« ZurückWeiter »
721. Humeros. Gr. 380. A. & S.
234. II. — 722. Super; ad725. Ferimur. See on v. 383. Opaca locorum. Sec on I. 422. —727. Adverso Graii Greeks gathered thickly together in hostile array. — 729. Comiti; Ascanius. 731. Evasisse have passed over in safety. See on v. 458. Cf. III. 282. Ad aures; with adesse, as in V. 55. — 735. Mihi. Gr. 386. 2. A. & S. 224, R. 2. Nescio quod = some; lit. I know not what. Gr. 525. 4. A. & S. 265, R. 4. Male amicum. See on v. 23.—736. Confusam eripuit. See on I. 29, 69. Cursu. See on I. 157.-737. Rcgione line, direction. 738. Misero incertum = whether my wife Creusa, torn from me unhappy (one) by fate, stopped, or wandered from the way, or weary sat down, (is) uncertain. Misero belongs to mihi understood. Erepta fato applies really to all three verbs, the meaning being that she was separated finally from Aeneas, whatever was the cause. The indicatives are used instead of subjunctives, which we should have naturally expected, like laetantur, E. IV. 52, sparsit, E. V. 7, mittit, G. I. 57, being regarded as the principal verbs in the sentence, and incertum merely as a sort of qualifying adverb. Gr. 525. 6. A. & S. 265, R. 1.—739. Seu is used co-ordinately with ne, as Tacitus uses sive co-ordinately with an. We have already had seu ... sive after dubii, I. 218. — 741. Nec --quam = nor did I observe that she was lost or turn my mind (towards her) before that. 742. Tumulum... sedem. Gr. 379. 4. A. & S. 237, R. 5 (c). Antiquae refers rather to the temple than to the goddess.-744. Comites as her companions. Comites simply expresses in what respect she played them false, or escaped their notice. — 745. Deorumque. Gr. 663. III. 1. 4). A. & S. 304 (4); 307. 3. -749. Cingor. See on v. 383.- 750. Stat with an infin., of a fixed resolution, like sedet. Cf. v. 660.753. Retro-sequor I observe and trace backward. See on I. 29, 69. — 754. Lumine: with the eye. -756. Si forte on the chance that. See on v. 136. —761. Porticibus — asylo= in the desolate cloisters, Juno's sanctuary; i. e. temple.—765. Auro solidi = of solid gold: lit. solid with gold. Gr. 414 and 2. A. & S. 247 and 1. — 772. Infelix; with reference to Aeneas's feeling, not to Creusa's actual condition. 773. Nota solita. The forms of the shades, like those of the gods (see on v. 592), were supposed to be larger than human, apparently as being no longer "cabined, cribbed, confined" by the body. -774. Steterunt; like tulerunt, E. IV. 61. - 775. Affari...demere. Gr. 545. I. A. and S. 209, R. 5. —777. Numinc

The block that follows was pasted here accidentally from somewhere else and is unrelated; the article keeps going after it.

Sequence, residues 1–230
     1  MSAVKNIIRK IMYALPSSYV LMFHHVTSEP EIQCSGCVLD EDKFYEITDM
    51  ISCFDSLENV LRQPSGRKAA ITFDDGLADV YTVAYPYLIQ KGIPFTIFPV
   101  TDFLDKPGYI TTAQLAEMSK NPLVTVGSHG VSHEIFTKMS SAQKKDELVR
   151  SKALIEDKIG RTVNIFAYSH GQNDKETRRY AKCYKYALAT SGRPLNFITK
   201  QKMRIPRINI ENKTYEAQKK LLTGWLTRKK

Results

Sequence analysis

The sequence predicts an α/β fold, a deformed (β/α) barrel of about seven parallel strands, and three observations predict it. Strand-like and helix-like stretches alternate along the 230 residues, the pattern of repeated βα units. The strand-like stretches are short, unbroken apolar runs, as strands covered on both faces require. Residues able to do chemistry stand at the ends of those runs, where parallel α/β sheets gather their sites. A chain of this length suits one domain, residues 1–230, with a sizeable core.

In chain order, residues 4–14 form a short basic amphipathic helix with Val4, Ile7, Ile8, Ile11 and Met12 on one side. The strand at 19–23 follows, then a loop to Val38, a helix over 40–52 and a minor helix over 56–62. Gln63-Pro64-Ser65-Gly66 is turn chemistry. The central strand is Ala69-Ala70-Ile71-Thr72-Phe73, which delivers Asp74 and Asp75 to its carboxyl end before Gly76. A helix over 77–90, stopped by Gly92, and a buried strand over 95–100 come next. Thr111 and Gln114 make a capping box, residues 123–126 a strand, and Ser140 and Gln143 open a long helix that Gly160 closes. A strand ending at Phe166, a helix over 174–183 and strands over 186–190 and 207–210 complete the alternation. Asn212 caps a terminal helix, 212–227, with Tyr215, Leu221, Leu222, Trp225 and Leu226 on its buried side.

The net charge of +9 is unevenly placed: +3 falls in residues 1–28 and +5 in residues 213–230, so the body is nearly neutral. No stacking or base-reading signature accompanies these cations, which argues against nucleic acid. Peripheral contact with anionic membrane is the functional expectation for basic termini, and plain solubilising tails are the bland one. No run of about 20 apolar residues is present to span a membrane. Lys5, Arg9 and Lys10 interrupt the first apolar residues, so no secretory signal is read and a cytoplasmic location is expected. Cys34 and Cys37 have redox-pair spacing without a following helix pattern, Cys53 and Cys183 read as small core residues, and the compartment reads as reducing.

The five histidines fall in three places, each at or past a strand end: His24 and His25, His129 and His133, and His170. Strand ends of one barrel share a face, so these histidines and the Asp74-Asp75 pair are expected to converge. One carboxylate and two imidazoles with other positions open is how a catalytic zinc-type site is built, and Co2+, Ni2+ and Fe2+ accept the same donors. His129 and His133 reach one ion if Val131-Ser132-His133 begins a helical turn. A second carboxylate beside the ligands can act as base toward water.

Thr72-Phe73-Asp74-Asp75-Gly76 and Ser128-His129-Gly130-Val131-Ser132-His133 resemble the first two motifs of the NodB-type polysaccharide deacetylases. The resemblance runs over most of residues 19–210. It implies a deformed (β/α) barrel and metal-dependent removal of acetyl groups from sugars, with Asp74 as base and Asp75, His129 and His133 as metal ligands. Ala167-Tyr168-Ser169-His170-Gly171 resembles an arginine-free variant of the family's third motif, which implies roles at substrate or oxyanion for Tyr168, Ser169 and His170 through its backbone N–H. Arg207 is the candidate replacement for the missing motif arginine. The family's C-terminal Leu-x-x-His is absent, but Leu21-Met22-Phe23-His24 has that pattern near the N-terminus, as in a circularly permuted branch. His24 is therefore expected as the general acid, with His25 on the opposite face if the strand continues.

= will, purpose. See on v. 123; I. 133. Cf. V. 56. —779. Aut (=nor) connects fas (= destiny) with regnator, as one of the subjects of sinit. Ille is peculiarly used of Jupiter, as a title of rever780. Tibi. Gr. 388. I. A. & S. 225. III. Exsilia. The
plural has here (as indeed frequently in poetry), a rhetorical force, as multiplying the troubles of Aeneas. Arandum is used strictly with aequor, loosely with exsilia (zeugma), to be undergone... to be traversed.-781. Et and then. Terram. See on v. 742. Hesperiam. See on I. 569. Lydius refers to the traditional origin of the Etruscans from Lydia, a country in the western part of Asia Minor. Arva-virum=through the rich cultivated lands of heroes. -784. Parta is peculiarly used of things that are virtually, though not actually realized. Cf. III. 495; VI. 89; E. III. 68. Creusae. See on I. 462. Myrmidonum — Dolopum. See on v. 7. –786. Aut. See on v. 779. Servitum. Gr. 569. A. & S. 276. I. and II. - 787. Dardanis. Gr. 316. A. & S. 100. I (b). 788. Genetrix; Cybele. She was one of the patronesses of Troy, being a Phrygian goddess, and worshipped on Ida. Virg. means evidently that Creusa is to become one of her attendants, passing from ordinary humanity into a half-deified state, which agrees with v. 773.789. Serva... amorem; i. e. continue to love.—792. Ibi = tum. Collo. Gr. 384. I. A. & S. 249. I. R. 3. — 795. Sic. Cf. I. 225.
798. Pubem =a band, company. Gr. 363. A. & S. 204. It is meant to include vaguely the whole body. —799. Parati; sc. deduci or some similar word. — 800. Velim. Gr. 486. III. A. & S. 260. II. Pelago. Gr. 414 and 4. A. & S. 247. 3 or 255. 2.—801. Jugis summae Idae; i. e. from the summit of Ida. Lucifer. The story was that Lucifer, the star of Venus, guided Aeneas to Italy. -803. Spes opis may either be hope of giving aid, or, more probably, hope of receiving it, Aeneas identifying himself with the city.